Freakin' great post. I knew Loy as "Nora," not as an activist. A lot of great reading here. Thanks!
posted by brundlefly at 12:52 PM on February 3, 2006

Myrna Loy was hot, smart, kind, and had great politics.

She's hilarious in the Thin Man, and wonderful in The Best Years of our Lives.

She was a good egg.
posted by stenseng at 12:52 PM on February 3, 2006

I love Myrna Loy. Apart from the Thin Man, my favourite Myrna Loy performance was in Mr. Blandings Builds His Dream House.
posted by Robot Johnny at 12:52 PM on February 3, 2006

Wow. Great post
posted by Smedleyman at 12:56 PM on February 3, 2006

Another wow -- always adored her in The Thin Man but didn't know a fraction of all this about her! Myrna Loy is my new girl-crush.
posted by scody at 12:59 PM on February 3, 2006

Nora was is and always will be the yardstick by which I measure the women I encounter. fantastic post. flagged as such.
posted by shmegegge at 1:00 PM on February 3, 2006

Very nice, well reaserched post.
posted by Suparnova at 1:04 PM on February 3, 2006

Noice. She's always been one of my favorites; thanks for the links and information.
posted by mimi at 1:13 PM on February 3, 2006

Beautiful post. I think I've run across all of these sites in my wandering but now I need only bookmark this thread.

She holds the #2 spot on my list of five even though it's an honorary thing. That I'm willing to give up a perfectly good spot on my list is how much I lust after Nora.
posted by Fezboy! at 1:15 PM on February 3, 2006

What a great post! I re-watched The Thin Man a few weeks ago, and have Mr. Blandings waiting at home for me to watch this weekend, so this post comes at a great time. Thanks, matteo!
posted by OmieWise at 1:16 PM on February 3, 2006

Thanks, matteo! I just finished sharing the Thin Man movies with my S.O. I'd forgotten about Mr. Blandings' Dream House, I'll put that on the list.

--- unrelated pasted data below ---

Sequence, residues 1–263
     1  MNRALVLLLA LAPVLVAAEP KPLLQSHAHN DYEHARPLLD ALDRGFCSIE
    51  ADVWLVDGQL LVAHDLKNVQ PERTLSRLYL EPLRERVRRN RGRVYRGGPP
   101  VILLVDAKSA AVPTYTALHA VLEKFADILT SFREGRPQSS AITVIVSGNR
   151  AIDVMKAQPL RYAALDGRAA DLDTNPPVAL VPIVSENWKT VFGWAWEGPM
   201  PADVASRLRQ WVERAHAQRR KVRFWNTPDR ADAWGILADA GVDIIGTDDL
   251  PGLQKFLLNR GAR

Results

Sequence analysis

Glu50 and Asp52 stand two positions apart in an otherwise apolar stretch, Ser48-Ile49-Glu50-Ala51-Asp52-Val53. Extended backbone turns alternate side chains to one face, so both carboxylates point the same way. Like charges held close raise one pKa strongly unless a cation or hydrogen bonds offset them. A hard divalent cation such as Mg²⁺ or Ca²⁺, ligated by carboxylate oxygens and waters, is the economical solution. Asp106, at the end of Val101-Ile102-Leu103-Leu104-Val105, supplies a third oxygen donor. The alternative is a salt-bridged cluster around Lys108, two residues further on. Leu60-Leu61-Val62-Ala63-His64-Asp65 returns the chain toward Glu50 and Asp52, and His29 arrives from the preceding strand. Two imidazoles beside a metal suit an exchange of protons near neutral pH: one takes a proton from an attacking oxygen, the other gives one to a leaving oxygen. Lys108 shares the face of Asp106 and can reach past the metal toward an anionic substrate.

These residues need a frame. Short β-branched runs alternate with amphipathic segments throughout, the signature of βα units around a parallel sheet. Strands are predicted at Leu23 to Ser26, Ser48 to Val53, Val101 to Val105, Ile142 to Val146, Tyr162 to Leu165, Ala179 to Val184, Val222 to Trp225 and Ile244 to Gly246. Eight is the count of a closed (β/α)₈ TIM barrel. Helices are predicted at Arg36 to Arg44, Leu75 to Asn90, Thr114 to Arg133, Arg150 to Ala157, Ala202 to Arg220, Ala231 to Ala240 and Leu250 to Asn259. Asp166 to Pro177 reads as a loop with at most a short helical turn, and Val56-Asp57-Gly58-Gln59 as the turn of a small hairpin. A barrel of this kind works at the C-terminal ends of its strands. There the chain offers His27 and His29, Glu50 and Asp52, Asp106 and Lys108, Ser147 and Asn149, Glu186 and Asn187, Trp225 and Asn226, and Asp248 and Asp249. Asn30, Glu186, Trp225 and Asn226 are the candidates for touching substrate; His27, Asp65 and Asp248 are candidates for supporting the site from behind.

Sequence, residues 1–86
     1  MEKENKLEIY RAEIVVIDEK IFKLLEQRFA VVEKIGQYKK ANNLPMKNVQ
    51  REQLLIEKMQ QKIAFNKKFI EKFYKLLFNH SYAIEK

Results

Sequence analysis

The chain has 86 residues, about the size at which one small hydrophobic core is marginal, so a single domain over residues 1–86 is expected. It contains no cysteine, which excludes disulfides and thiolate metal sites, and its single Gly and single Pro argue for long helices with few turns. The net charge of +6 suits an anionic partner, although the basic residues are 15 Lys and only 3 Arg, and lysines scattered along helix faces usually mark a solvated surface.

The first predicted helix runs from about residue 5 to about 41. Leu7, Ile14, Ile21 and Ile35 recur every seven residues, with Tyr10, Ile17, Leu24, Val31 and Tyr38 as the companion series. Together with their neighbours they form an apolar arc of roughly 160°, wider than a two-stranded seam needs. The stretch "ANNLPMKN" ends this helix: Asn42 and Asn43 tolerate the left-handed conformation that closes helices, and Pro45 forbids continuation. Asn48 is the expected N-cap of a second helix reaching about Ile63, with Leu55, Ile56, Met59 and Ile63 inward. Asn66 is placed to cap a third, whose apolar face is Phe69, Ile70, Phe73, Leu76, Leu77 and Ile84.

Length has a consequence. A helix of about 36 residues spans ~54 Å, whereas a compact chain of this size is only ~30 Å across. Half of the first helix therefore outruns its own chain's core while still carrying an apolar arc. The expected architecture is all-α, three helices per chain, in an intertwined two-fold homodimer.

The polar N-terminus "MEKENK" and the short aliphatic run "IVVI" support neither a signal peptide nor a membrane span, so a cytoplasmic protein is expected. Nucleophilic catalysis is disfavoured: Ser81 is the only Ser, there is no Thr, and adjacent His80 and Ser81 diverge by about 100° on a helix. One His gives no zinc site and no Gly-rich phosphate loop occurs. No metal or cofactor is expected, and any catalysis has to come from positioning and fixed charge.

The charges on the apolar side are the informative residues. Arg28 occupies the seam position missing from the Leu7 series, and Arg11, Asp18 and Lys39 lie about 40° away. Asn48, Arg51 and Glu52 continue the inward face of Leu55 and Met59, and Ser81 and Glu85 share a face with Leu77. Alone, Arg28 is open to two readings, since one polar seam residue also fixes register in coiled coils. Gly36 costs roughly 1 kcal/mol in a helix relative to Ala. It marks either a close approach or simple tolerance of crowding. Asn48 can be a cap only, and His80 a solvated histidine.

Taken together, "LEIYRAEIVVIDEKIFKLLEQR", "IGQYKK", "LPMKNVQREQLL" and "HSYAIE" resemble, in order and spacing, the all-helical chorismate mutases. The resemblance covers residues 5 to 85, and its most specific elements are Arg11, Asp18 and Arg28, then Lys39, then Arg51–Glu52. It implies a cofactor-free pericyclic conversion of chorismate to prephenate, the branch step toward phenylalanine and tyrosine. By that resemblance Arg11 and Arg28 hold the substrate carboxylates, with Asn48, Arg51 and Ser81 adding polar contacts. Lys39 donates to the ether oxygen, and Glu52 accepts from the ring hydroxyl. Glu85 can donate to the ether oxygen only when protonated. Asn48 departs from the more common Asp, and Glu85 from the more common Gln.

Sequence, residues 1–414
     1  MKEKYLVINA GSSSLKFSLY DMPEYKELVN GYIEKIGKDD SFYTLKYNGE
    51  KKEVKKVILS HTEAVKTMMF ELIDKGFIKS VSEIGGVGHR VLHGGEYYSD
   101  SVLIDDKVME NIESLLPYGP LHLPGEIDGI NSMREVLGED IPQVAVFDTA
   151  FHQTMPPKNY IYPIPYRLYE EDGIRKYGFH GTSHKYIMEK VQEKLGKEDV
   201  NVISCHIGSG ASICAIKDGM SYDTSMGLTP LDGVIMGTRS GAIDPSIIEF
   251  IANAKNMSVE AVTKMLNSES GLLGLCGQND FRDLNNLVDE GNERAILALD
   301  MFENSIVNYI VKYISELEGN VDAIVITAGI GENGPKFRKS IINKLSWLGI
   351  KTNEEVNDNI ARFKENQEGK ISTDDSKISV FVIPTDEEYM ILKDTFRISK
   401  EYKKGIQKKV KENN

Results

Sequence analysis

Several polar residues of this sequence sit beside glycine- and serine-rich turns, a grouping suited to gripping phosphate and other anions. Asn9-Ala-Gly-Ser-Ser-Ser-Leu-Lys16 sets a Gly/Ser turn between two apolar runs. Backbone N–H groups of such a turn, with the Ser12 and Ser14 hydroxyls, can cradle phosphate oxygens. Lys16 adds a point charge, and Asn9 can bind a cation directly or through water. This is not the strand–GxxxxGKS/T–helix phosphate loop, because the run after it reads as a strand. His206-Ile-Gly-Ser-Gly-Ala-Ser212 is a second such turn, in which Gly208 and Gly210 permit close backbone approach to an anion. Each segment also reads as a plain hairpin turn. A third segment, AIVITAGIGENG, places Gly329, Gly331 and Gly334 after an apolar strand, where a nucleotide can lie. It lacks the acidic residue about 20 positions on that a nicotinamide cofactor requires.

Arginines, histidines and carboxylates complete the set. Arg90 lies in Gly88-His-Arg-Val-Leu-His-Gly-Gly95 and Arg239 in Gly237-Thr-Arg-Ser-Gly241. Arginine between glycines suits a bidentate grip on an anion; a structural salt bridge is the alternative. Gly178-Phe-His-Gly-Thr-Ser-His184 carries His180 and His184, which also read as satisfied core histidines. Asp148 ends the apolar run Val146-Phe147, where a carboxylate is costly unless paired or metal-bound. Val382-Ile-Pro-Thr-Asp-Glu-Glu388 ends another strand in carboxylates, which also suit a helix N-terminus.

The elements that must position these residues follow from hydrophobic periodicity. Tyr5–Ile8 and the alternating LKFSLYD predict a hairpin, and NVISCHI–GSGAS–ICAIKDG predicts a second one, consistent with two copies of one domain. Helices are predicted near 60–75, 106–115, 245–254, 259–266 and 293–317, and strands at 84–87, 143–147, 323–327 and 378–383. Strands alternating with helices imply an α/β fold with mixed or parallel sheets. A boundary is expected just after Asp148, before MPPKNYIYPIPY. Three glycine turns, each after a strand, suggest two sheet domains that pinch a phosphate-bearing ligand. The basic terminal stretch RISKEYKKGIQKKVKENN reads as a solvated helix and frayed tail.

Like I always say, there's nothin' hotter than a dame with a nice set of politics.
posted by Floydd at 1:42 PM on February 3, 2006

The book is great too, but then no Myrna Loi. She was a hottie.
posted by caddis at 2:03 PM on February 3, 2006

posted by caddis at 2:03 PM on February 3, 2006

I'll drink to that. Who can resist her?
posted by mwhybark at 2:47 PM on February 3, 2006

fantastic post!
posted by jann at 3:54 PM on February 3, 2006

Yay! Thanks. :)
posted by dejah420 at 6:06 PM on February 3, 2006

Well, then, I do believe it's time for cocktails. Martini?
posted by Samizdata at 6:10 PM on February 3, 2006

Don't mind if I do!

Now, where did I put that other drink?
posted by mwhybark at 8:19 PM on February 3, 2006

An awesome woman, and an awesome post!
posted by Alvy Ampersand at 9:42 PM on February 3, 2006

I just attended the funeral of a woman who broke the "dress code" at her office around the end of World War II. She wore slacks and refused to be intimidated by the company brass.
Interestingly, she was born in Montana too,
posted by Cranberry at 11:17 PM on February 3, 2006

Wonderful reading for the weekend. I had no idea she had so many facets! Thanks Matteo
posted by Wilder at 5:20 AM on February 4, 2006

A remarkable life.
I know the name, I recall the face, but I can't reallllly remember any of the films - I'll have to keep a lookout. Great research/linkset thanks matteo.
posted by peacay at 5:46 AM on February 4, 2006

awesome post, matteo - thank you!
posted by madamjujujive at 9:09 AM on February 4, 2006

Great post, cheers!
posted by Rothko at 9:21 AM on February 4, 2006